The number of people sleeping rough is at a five year high – so how big is Ipswich’s homelessness problem?

PA Library photo of homeless people sleeping rough on the streets.

PA Library photo of homeless people sleeping rough on the streets. - Credit: PA

As homelessness figures continue to soar across the UK, Gemma Mitchell begins a series of features investigating the scale of the problem in Ipswich and what is being done to help.

Sue Raychaudri, manager of the Chapman Centre.

Sue Raychaudri, manager of the Chapman Centre. - Credit: Archant

The number of people sleeping rough in Ipswich has hit its highest level for at least five years.

Latest figures show there were 16 people regularly living on the streets, compared to just five in 2013.

And 19 vulnerable people with housing issues are believed to have died in the town in just 16 months.

That’s the scale of the problem facing local support organisations and charities in Ipswich – but there is a huge effort under way to tackle it.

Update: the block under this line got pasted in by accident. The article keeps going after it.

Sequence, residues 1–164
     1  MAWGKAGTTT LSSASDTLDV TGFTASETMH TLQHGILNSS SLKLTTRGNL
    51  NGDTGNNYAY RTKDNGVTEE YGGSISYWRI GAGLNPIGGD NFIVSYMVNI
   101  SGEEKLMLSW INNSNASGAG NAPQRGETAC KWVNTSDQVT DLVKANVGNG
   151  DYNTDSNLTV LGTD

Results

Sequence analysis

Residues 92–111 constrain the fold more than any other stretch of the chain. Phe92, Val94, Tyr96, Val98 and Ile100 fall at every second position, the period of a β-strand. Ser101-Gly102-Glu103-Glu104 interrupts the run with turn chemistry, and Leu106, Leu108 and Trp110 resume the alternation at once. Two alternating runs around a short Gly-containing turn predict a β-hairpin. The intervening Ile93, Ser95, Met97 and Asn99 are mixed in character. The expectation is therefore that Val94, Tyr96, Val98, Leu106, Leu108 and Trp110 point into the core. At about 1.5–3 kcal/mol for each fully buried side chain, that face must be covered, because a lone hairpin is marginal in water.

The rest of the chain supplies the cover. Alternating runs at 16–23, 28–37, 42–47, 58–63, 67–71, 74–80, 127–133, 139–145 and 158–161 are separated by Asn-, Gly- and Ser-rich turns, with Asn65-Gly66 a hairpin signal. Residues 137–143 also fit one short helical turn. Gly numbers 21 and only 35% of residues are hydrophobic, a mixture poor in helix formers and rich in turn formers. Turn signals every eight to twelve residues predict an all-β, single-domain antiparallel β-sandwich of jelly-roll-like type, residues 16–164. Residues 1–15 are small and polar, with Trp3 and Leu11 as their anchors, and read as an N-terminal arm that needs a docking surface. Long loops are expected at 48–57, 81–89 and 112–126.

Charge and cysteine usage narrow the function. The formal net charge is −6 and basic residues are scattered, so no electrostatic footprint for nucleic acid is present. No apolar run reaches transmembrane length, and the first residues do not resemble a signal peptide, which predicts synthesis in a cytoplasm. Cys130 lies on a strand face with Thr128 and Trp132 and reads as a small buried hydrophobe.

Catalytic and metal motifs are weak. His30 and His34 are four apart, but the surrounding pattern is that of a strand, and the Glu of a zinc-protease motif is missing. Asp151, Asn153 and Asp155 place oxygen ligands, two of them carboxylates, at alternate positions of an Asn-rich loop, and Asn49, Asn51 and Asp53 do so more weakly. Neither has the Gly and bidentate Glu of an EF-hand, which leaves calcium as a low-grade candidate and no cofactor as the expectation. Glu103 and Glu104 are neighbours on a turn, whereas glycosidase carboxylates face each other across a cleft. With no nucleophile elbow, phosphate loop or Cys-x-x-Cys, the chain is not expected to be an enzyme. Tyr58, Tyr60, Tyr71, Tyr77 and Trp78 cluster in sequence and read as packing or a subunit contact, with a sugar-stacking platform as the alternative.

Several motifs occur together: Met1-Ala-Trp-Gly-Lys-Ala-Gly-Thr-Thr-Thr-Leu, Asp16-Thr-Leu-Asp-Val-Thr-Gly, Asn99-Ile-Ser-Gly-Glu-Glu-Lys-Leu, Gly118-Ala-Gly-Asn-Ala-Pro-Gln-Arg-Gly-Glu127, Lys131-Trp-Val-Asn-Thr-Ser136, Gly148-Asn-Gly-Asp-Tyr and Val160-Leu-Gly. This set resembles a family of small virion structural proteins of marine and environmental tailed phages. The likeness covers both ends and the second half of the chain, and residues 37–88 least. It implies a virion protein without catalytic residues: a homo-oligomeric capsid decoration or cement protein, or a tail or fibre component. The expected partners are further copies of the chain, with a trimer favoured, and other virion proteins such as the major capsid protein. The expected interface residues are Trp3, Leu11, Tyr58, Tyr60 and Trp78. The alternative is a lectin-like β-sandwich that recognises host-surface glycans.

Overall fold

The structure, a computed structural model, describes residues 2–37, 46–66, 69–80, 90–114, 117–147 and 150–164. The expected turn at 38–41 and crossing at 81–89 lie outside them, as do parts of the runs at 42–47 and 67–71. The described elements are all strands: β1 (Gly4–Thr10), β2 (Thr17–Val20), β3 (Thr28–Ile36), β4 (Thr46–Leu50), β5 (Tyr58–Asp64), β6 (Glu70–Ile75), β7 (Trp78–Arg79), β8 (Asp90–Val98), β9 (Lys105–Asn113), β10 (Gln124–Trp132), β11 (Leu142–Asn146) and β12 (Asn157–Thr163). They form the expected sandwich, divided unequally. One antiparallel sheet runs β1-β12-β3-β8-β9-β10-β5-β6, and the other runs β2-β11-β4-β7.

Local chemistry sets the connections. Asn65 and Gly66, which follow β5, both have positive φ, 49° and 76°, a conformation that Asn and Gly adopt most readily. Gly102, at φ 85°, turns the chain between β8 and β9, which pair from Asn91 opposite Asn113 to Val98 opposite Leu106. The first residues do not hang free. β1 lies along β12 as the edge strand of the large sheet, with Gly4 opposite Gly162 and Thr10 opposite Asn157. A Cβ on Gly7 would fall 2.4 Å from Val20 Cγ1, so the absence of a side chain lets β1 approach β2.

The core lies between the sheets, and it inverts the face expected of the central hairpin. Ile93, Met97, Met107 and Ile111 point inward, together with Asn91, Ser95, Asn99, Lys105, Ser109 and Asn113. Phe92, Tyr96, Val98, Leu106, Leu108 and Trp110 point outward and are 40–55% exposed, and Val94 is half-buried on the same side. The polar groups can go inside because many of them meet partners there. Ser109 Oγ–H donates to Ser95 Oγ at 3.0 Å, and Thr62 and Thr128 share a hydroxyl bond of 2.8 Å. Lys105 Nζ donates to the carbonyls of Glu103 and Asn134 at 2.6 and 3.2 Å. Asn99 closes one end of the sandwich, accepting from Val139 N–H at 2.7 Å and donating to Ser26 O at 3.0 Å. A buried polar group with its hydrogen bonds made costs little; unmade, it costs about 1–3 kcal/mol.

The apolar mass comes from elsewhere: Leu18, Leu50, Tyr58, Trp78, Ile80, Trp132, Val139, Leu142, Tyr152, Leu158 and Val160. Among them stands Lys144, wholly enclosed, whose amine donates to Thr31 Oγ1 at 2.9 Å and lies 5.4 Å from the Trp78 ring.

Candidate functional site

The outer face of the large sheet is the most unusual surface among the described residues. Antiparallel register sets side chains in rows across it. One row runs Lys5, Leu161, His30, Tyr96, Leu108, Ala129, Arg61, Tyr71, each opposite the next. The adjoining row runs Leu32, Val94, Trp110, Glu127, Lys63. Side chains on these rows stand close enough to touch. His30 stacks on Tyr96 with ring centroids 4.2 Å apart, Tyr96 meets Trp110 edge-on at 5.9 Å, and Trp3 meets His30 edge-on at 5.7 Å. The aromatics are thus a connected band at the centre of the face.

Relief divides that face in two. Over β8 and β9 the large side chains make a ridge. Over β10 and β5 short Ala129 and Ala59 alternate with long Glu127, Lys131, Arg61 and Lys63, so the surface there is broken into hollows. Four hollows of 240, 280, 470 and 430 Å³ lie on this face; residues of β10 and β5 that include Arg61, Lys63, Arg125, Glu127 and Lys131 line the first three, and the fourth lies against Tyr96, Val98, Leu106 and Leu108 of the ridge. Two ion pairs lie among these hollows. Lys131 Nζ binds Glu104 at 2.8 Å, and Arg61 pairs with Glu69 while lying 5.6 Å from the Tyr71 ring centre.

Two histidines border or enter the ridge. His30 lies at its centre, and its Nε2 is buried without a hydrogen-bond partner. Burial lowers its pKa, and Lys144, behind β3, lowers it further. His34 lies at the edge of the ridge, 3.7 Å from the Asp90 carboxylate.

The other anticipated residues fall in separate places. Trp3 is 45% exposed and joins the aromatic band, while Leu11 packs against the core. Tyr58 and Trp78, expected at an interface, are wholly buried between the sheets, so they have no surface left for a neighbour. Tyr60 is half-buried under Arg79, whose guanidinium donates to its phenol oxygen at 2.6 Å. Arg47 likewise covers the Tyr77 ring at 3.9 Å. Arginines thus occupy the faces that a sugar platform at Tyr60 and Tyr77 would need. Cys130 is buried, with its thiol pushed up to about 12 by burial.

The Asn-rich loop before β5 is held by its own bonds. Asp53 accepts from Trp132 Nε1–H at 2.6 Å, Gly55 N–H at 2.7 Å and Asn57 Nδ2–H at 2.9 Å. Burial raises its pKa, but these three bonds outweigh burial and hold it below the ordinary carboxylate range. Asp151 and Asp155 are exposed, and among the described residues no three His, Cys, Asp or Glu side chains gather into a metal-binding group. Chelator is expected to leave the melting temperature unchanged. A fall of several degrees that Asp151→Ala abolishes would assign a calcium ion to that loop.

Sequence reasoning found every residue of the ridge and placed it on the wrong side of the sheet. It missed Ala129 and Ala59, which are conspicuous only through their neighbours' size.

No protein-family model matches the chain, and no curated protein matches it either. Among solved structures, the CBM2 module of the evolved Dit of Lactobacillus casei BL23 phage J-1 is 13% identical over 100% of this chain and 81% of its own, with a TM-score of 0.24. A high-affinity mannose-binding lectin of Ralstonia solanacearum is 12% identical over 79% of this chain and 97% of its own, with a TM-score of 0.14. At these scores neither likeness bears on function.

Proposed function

Sue Raychaudri manages the Chapman Centre, a support and advice service for the town’s homeless and needy.

Many of these 19 deaths were down to mental health concerns, or drug and alcohol issues, Miss Raychaudri said, but changes to the benefits system have also pushed people in Ipswich into crisis.

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“It’s deeply saddening for me to see that,” she added. “It’s a human being’s life we are talking about.

“With regards to the homeless situation, it is on the rise. The statistics prove that.”

The Emmaus Ipswich team at the charity shop in Dales Road.

The Emmaus Ipswich team at the charity shop in Dales Road. - Credit: Gemma Mitchell

In 2015 the number of people sleeping rough in Ipswich reached a five-year high.

According to Government statistics, there were 13 people sleeping on the town’s streets in 2010; seven in 2011; seven in 2012; and five in 2013.